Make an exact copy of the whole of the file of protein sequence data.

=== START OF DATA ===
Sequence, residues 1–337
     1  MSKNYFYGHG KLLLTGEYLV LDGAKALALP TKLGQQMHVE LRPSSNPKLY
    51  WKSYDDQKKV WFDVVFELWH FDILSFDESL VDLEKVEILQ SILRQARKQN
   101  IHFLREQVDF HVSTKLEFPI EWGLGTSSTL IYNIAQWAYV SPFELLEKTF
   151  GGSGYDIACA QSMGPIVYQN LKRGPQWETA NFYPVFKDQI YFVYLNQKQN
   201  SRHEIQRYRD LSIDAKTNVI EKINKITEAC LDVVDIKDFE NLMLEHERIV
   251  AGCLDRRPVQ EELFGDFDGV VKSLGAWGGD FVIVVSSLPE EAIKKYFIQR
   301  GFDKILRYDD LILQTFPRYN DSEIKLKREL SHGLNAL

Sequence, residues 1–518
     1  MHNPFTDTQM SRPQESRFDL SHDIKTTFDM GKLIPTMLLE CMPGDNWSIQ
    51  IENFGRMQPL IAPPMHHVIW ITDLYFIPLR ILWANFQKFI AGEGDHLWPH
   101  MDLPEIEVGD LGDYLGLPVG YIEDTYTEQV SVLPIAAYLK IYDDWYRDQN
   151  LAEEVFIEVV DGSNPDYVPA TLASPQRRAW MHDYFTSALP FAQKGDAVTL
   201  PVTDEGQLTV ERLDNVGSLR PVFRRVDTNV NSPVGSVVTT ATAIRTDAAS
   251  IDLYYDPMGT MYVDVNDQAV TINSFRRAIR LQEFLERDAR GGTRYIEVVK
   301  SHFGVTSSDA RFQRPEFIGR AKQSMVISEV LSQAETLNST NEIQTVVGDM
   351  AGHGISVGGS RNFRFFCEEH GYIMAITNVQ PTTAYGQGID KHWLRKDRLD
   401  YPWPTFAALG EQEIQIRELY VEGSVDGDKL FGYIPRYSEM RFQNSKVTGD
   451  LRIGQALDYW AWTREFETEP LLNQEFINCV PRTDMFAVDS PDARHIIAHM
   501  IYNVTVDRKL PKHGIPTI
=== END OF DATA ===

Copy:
Sequence, residues 1–337
     1  MSKNYFYGHG KLLLTGEYLV LDGAKALALP TKLGQQMHVE LRPSSNPKLY
    51  WKSYDDQKKV WFDVVFELWH FDILSFDESL VDLEKVEILQ SILRQARKQN
   101  IHFLREQVDF HVSTKLEFPI EWGLGTSSTL IYNIAQWAYV SPFELLEKTF
   151  GGSGYDIACA QSMGPIVYQN LKRGPQWETA NFYPVFKDQI YFVYLNQKQN
   201  SRHEIQRYRD LSIDAKTNVI EKINKITEAC LDVVDIKDFE NLMLEHERIV
   251  AGCLDRRPVQ EELFGDFDGV VKSLGAWGGD FVIVVSSLPE EAIKKYFIQR
   301  GFDKILRYDD LILQTFPRYN DSEIKLKREL SHGLNAL

Sequence, residues 1–518
     1  MHNPFTDTQM SRPQESRFDL SHDIKTTFDM GKLIPTMLLE CMPGDNWSIQ
    51  IENFGRMQPL IAPPMHHVIW ITDLYFIPLR ILWANFQKFI AGEGDHLWPH
   101  MDLPEIEVGD LGDYLGLPVG YIEDTYTEQV SVLPIAAYLK IYDDWYRDQN
   151  LAEEVFIEVV DGSNPDYVPA TLASPQRRAW MHDYFTSALP FAQKGDAVTL
   201  PVTDEGQLTV ERLDNVGSLR PVFRRVDTNV NSPVGSVVTT ATAIRTDAAS
   251  IDLYYDPMGT MYVDVNDQAV TINSFRRAIR LQEFLERDAR GGTRYIEVVK
   301  SHFGVTSSDA RFQRPEFIGR AKQSMVISEV LSQAETLNST NEIQTVVGDM
   351  AGHGISVGGS RNFRFFCEEH GYIMAITNVQ PTTAYGQGID KHWLRKDRLD
   401  YPWPTFAALG EQEIQIRELY VEGSVDGDKL FGYIPRYSEM RFQNSKVTGD
   451  LRIGQALDYW AWTREFETEP LLNQEFINCV PRTDMFAVDS PDARHIIAHM
   501  IYNVTVDRKL PKHGIPTI